Weighing the short- and long-term implications of the 2015 Sprint Cup deal, it looks like NASCAR’s move to NBCSN will be a benefit for IndyCar without it actually being a benefit to IndyCar, and that’s a crucial distinction.

(The same dynamic took place between Will Power and Helio Castroneves when the Aussie joined Team Penske. Helio had Power’s data to look at and increased his own speed thanks to his teammate’s addition to the lineup, but Power didn’t sign on to be Castroneves’ cheery sidekick. He came onboard to beat the Brazilian and every other driver in the series like a drum. The fact that HCN got a little bit faster from having Power under the same tent was an unintended benefit.)

Moving the conversation beyond NBCSN, the biggest growth potential for IndyCar could be the void left at ABC/ESPN by NASCAR.

At least one person from inside the company has said the network is actually looking forward to stepping away from having motorsports as a significant slice of its programming, and if that’s true, it spells trouble for IndyCar. But if Miles can stoke their interest in using IndyCar to fill some of NASCAR’s programming vacuum, there might actually be some light at the end of a pitch-black tunnel.

According to the details of the contract the series revealed in 2008, “The partnership with Versus calls for the network to televise at least 13 races per year,” and one look at the current schedule reveals NBCSN has its required 13 while ABC broadcasts the remaining five.

Miles knows that waiting for NASCAR to arrive at NBCSN isn’t an actual strategy for IndyCar to rely on, and with the channel’s need to throw its weight behind stock car racing, it could allow for some new,  creative avenues outside of IndyCar’s long-term agreement. Thanks to the low ratings, he might not be holding as many bargaining chips as he wants right now, but skewing the annual mix of IndyCar broadcast dates toward ABC/ESPN continues to be the key to a ratings salvation.

Expanding the schedule beyond its current 18 races would allow Miles to add more ABC events, but there are very few teams that harbor a desire to push out to 19 or 20 rounds. If there’s some horse trading to be done possibly to give up some of the NBCSN dates where inevitable conflicts between IndyCar and NASCAR will arise Miles could shop those events to ABC/ESPN without having to grow the calendar. Whatever he does over the next 20 months, nothing will be more important than trying to turn ABC/ESPN into a motivated and engaged partner.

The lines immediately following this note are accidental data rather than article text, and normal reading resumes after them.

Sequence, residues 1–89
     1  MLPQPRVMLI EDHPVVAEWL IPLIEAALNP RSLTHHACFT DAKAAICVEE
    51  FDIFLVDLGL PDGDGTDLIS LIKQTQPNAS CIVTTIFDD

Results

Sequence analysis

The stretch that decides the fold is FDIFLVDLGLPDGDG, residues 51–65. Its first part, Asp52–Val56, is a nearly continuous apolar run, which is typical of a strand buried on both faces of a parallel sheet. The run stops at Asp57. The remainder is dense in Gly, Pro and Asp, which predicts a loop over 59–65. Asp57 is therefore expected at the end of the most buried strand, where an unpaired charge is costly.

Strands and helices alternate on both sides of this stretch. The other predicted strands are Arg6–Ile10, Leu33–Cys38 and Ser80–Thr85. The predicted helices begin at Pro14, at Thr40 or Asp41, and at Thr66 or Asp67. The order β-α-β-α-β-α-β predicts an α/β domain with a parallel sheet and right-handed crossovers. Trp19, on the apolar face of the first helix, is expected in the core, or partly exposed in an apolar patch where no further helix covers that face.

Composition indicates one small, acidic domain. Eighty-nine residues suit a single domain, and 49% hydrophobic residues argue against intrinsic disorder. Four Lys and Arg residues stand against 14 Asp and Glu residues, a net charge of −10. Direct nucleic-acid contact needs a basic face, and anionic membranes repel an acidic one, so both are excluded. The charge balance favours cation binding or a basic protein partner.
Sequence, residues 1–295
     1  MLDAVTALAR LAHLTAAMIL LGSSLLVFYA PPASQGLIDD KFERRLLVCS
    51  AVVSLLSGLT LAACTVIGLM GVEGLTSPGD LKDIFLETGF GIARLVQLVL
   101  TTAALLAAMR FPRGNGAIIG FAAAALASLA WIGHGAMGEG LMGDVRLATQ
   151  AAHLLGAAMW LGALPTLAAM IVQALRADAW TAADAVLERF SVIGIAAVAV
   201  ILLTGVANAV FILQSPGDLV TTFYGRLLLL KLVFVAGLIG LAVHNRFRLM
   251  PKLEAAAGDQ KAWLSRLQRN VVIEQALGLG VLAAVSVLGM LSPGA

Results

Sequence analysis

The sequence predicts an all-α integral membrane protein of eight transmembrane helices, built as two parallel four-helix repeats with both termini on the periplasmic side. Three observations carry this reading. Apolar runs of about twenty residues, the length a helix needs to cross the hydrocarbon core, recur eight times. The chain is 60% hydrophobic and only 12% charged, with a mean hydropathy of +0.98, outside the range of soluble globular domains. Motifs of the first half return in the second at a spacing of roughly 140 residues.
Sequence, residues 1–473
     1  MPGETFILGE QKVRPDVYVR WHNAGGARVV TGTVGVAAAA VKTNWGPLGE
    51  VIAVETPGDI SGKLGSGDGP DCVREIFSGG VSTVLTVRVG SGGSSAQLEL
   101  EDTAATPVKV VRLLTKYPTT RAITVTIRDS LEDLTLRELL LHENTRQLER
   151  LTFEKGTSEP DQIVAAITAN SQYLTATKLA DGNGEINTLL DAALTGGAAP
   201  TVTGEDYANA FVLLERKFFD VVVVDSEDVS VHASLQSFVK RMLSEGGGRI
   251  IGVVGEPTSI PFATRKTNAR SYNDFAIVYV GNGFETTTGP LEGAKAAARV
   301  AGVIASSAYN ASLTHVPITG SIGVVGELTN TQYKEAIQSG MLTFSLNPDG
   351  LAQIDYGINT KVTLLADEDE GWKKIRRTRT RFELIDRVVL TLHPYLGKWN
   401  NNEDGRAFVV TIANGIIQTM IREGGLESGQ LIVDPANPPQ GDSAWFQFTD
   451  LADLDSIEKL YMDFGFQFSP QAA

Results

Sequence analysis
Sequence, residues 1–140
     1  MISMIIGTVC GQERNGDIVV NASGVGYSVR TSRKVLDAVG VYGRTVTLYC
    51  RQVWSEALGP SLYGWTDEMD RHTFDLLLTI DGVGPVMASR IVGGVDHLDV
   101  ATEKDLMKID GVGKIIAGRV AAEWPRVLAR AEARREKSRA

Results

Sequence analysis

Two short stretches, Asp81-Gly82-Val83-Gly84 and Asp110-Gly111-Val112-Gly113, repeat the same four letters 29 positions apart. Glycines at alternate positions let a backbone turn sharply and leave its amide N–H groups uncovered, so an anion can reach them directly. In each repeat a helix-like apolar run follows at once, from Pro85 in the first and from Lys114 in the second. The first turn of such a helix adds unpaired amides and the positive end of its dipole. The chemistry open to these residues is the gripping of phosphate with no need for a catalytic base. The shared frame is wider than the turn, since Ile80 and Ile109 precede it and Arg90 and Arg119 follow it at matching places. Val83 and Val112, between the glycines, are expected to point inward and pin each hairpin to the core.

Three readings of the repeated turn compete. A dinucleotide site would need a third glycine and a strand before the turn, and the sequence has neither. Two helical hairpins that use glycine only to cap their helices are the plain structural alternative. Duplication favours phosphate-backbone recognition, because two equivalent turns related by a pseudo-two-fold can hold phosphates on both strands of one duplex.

It’s a problem without an easy solution; if ABC/ESPN wanted lots of IndyCar, it would surely have lots of IndyCar, and whatever comes of those discussions, Miles will have to make concessions to both of IndyCar’s television partners to pull something off. But for the first time in five years, using the words “IndyCar,” “TV” and “possible improvement” in the same sentence can be done without feeling like a rube.

A few expected changes to the 2014 schedule could also improve Miles’ chances. He’s made numerous statements about wanting to shift the start and end of the season forward, bookending the NFL season between early February and early September.

That window, if it comes to pass, could give Miles a chance to tailor air dates with ABC/ESPN that had never been possible. At least two new events could make it onto a schedule that would give the series, the network and a few tracks a chance to gain exposure while the NASCAR season is just getting up to speed.

The series would also be doing itself a favor to use its ABC dates wisely to use its wider audience to build interest that will sustain awareness. The current schedule that spends all of the ABC dates between late May and early July was a good experiment, but a three-pronged approach that has a few early, a few in the middle and a few to end on a high note seems like the best compromise in 2014.

The IndyCar Series still has five years left to run on its NBCSN contract after this season, and the constraints have been formidable to deal with. The series’ pre-Randy Bernard management team sold the collective health of open-wheel racing for a $5 million annual paycheck, and as the post-Bernard leadership is finding, fixing the ratings chokehold that has come with it will take more time and experimentation.